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For Charlie, who has taught me so much already about never giving up and never giving in.

Nearly all men can stand adversity, but if you want to test a man’s character, give him power.

Abraham Lincoln


‘A simple game made complicated by the coaches’ was how some former managers put it. Learn to lift, strike, block, catch, throw in a bit of instinct and character and there you have it, your secret sauce to the ‘art of hurling’. Sure, if you simply stick to your position, are first to the ball and have enough determination about you, you’ll win the game.

But is it really as simple as that? Are modern-day coaches complicating things for the sake of it, throwing in drills, science, stats and game plans where they’re not needed? 

The game is neither as simple as sepia-tinted memories would have it, nor as complicated as PhD statistics graduates want to make it. Instead, the reality is somewhere in between the two ends of this spectrum.

But we also have to accept that the ‘modern’ techniques being decried, such as statistics, possession and changing formations, have all been used in one form or another down through the decades. It’s just that they have become more developed, increasingly codified and, with more information and knowledge around them, they’ve become studies in themselves. Such developments don’t make these techniques wrong, just more advanced.

You don’t throw the baby out with the bath water because something is more ‘advanced’, and the new solutions being offered are not the be all and end all. They are not, in and of themselves, the answer or the key to winning matches.

Having worked in the media in all its forms in the last fifteen years, I think of the times when new types of media were developed and introduced and how people were quick to declare each one of them the new and only way media would be consumed, pronouncing the death of whatever had come before it. Radio would spell the end of newspapers; TV would be the end of radio; the Internet would be the end of everything.

Likewise, when increased fitness and science were being introduced to the championship in hurling and football in the late 1980s/early 1990s, we were told that this would finally level the playing field. Indeed, the breakthrough of Ulster teams in Gaelic football and the ‘revolution years’ in hurling in the 1990s did offer a glimpse of a possible new order being established in both codes. But in truth it was only a brief hiatus before the traditionally dominant counties reasserted themselves, as they caught up with whatever new coaching/science/system was in vogue, applied it to their own supremely talented numbers and watched the positive results follow.

It wasn’t as simple as that, of course, but evolutions in both codes occur in cycles as new thinking, new influences and new information come on stream. Kilkenny legend Fr Tommy Maher, ‘the godfather of modern hurling’, learned about training techniques from English soccer; Down’s Joe Lennon and Dublin’s Kevin Heffernan in Gaelic football were likewise bringing in lessons learned from ‘foreign games’.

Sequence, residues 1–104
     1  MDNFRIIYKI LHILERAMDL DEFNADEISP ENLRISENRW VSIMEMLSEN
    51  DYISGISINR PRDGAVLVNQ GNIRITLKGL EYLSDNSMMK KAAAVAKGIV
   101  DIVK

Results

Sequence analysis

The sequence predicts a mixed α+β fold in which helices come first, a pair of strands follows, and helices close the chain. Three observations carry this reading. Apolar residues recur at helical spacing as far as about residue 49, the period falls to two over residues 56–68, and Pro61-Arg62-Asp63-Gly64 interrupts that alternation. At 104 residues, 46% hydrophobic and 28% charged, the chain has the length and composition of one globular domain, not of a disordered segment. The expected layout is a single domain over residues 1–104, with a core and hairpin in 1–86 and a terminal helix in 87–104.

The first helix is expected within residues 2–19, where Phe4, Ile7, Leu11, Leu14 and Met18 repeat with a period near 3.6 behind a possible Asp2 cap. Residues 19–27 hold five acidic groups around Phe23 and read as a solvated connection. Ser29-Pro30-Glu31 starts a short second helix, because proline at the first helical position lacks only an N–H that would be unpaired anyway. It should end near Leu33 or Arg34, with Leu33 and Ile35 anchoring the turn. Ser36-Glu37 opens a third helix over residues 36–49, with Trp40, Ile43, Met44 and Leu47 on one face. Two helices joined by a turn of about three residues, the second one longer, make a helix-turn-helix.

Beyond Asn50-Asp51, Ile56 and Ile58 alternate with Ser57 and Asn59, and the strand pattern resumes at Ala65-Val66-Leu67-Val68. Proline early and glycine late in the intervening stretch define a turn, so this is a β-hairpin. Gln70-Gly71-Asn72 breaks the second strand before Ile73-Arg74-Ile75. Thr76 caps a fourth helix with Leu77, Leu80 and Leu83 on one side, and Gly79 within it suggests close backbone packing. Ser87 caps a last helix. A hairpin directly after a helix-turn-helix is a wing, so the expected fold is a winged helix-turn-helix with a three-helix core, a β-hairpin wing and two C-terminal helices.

The 1960s were the tipping point in the GAA’s coaching evolution. Previously it was sporadic and haphazard, based on individuals and what they brought to a team at any given time. Now, for the first time, figures such as Maher, Donie Nealon of Tipperary and others were codifying and instructing how Gaelic games should be coached. They were also organising residential, week-long ‘instructional’ courses in Gormanston, Co. Meath during the 1960s, where the next generation of hurling and football coaches would be created.

My first interviewee, Diarmuid Healy, learned at Gormanston and was also taught directly by Tommy Maher at St Kieran’s College in Kilkenny, that famous nursery of hurling for secondary-school students. He was one of the first pupils to come out of the modern school of hurling coaching in Gormanston. He emphasised skills over physique, finesse over brute force, and his results with St Kieran’s, the Kilkenny minors and then Offaly showed that this approach worked. Offaly, a county with no Leinster or All-Ireland titles to its name, was to win provincial and national titles for the first time in its history under Healy’s influence.

Cyril Farrell was another thirty-something-year-old who learned about the art of management from outside sources. In his case, he absorbed information from the New Zealand rugby team and Shamrock Rovers soccer team on his way to ending Galway’s fifty-seven-year hurling famine.

Although neither Farrell nor Healy ever reached inter-county standard themselves as players, both men were avid students of sport. They were sponges, soaking up any new information from all sporting codes and then applying it to hurling.

But former inter-county stars were also just as likely to make it as All-Ireland-winning managers – Justin McCarthy, Ger Loughnane, Anthony Daly and Brian Cody to name but a few. They were as hungry for sports management tips and techniques as the others, except they probably had it a little easier. They could walk into a dressing room and command respect from players who knew who they were and what they had achieved.

As I sought out some of hurling’s most successful managers for this book, what I wanted were their insights into and philosophies about how they achieved what they achieved. In most instances the effect they had on a team was immediate, or it became apparent within a season or two.

Longevity is not a common trait amongst the majority of successful managers. After shining so brightly so quickly, they were almost certainly gone within a few years. And for those who go back a second time after an absence of ten or more years, the advice is clear: don’t do it. Rarely does it work out. Time passes, generations and society move on, and what worked twenty years ago now needs updating with new methods and new techniques and a new voice to make it relevant and have an impact.

It’s no coincidence that many of the managers who made the most impact were in their thirties, just old enough to be the senior of most players, but still close enough to be able to relate to whatever was preoccupying their lives and hurling styles.